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Old 07-13-2009, 06:28 PM   #11
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Originally Posted by Wyogal View Post
How about sushi rice? I was taught to wash it well. A friend who has a Japanese grandmother was very familiar with the process, it was the job she did when helping her grandma. It wasn't just rinsed quickly, but washed, rubbing the grains lightly between the palms of one's hands, until the water runs clear.
Sushi rice is a different category. It's not a long grain rice like what has been discussed.

Thoroughly washing sushi rice, as you described, is essential to the final product.
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Old 07-13-2009, 06:29 PM   #12
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thanks, that's what I thought. Just wanted to be sure! : )
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Old 07-13-2009, 08:33 PM   #13
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Originally Posted by Wyogal View Post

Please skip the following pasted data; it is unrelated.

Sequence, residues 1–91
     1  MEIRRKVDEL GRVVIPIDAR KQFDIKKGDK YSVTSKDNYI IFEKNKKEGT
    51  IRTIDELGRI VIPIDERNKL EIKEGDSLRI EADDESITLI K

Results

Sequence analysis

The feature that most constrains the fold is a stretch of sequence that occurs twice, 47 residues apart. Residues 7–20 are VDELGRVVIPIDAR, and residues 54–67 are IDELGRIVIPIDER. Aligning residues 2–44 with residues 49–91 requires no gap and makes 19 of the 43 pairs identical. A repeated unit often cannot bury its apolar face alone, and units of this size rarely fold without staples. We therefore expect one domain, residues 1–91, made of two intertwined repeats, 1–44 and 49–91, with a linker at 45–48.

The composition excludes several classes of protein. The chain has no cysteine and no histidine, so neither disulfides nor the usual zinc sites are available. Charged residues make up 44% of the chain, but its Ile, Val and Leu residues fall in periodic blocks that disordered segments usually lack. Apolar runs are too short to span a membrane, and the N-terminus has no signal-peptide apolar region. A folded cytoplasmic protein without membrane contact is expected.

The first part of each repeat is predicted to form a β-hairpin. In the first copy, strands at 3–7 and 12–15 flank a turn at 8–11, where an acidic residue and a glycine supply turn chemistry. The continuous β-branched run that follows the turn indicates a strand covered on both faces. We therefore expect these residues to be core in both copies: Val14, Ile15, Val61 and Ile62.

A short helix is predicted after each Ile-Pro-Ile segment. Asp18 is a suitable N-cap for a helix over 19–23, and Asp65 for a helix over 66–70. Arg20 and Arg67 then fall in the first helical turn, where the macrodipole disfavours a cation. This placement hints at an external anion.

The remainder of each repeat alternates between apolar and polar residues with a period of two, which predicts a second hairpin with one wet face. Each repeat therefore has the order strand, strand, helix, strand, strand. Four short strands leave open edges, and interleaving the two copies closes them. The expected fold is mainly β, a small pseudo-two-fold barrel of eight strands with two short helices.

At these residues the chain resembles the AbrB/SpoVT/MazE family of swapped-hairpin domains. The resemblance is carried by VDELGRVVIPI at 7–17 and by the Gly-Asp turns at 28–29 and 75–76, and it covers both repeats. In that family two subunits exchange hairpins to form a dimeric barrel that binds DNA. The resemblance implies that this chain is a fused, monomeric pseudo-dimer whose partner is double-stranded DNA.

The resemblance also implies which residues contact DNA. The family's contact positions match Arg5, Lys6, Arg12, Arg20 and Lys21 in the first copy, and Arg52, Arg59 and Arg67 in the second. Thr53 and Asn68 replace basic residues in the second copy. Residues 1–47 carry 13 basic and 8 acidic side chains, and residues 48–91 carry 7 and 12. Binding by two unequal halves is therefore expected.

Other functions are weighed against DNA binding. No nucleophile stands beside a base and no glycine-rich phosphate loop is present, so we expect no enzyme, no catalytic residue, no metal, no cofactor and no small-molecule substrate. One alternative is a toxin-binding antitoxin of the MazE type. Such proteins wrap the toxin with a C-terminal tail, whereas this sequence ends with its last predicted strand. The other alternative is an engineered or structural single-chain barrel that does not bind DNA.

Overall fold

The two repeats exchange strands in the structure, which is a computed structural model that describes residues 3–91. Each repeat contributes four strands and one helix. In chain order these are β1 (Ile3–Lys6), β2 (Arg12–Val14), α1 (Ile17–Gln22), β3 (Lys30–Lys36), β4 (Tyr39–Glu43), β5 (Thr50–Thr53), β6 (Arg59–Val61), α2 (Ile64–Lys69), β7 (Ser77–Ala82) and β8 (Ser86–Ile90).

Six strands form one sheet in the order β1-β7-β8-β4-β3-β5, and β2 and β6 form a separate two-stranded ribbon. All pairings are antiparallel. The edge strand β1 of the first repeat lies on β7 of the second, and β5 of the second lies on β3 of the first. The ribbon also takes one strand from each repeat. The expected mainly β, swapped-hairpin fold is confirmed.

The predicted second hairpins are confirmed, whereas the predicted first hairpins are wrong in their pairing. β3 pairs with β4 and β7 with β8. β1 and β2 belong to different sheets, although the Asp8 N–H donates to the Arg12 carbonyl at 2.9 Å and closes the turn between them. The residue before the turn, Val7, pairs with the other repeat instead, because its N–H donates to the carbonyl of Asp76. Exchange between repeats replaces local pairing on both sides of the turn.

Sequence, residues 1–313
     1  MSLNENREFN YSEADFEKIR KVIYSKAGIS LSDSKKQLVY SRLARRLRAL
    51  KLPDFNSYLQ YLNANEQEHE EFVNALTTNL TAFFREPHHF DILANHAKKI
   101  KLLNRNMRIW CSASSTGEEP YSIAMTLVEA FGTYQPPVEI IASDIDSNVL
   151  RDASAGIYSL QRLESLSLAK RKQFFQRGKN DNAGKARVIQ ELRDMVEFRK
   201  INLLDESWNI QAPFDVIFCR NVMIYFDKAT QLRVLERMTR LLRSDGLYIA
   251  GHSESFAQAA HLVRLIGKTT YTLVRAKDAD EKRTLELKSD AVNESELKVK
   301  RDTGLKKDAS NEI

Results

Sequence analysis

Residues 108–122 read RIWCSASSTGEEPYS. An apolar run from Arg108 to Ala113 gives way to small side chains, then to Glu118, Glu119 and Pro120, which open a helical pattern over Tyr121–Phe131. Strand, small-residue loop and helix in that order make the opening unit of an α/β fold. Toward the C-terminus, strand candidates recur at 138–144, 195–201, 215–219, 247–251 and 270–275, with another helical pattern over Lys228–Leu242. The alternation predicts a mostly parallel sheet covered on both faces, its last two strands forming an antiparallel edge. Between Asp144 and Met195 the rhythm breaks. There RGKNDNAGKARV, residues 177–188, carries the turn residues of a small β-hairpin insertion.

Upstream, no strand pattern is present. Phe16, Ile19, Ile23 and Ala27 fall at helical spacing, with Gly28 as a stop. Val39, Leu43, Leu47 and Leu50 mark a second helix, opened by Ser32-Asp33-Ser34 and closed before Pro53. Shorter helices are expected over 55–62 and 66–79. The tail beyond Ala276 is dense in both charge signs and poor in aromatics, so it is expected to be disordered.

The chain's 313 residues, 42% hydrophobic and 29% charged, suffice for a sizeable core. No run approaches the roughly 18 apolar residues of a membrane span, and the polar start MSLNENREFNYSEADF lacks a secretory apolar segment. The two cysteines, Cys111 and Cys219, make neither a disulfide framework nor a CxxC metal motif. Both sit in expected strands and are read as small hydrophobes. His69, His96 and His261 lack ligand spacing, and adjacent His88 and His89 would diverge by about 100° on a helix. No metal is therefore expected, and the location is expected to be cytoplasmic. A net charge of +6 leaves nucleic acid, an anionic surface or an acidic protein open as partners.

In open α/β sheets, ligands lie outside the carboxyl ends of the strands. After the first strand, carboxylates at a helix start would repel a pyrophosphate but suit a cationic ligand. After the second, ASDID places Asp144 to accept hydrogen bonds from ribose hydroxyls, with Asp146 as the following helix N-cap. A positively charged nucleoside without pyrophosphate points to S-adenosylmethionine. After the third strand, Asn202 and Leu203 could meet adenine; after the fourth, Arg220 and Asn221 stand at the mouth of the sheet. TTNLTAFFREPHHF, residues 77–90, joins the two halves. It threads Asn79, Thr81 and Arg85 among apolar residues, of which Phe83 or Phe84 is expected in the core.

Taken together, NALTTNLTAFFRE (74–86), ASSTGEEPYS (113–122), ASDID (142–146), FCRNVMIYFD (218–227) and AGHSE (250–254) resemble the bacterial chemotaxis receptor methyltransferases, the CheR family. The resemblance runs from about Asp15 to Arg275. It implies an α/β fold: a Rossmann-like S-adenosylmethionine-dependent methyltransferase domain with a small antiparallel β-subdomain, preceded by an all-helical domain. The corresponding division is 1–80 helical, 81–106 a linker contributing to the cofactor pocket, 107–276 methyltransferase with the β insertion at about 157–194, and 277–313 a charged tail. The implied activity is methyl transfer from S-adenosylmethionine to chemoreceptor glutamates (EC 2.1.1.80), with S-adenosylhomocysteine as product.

How about sushi rice? I was taught to wash it well. A friend who has a Japanese grandmother was very familiar with the process, it was the job she did when helping her grandma. It wasn't just rinsed quickly, but washed, rubbing the grains lightly between the palms of one's hands, until the water runs clear.
I'm pretty certain that goes back to the old practice of adding talc to the raw rice, and it's not really necessary otherwise -- except the Japanese go nuts when it comes to rice and tradition! Nonetheless, see this page:

The Sushi FAQ - How to Make Sushi Rice at Home

In particular, this paragraph:
It is best to use the instructions on the package of rice when cooking it, but a general suggestion is to use equal parts rice and water. Prior to cooking, the rice should be rinsed in cold water until the water runs clear, a step now becoming less necessary as talc (used to prevent the rice from absorbing water and sticking together during storage) is slowly being replaced with another type of starch, which is fine to cook with. But you never know and the package won't tell you what the company used as a coating. A rice cooker will do a fine job, however if you do not have one you can use our fail safe pot rice recipe which has served many well in the past.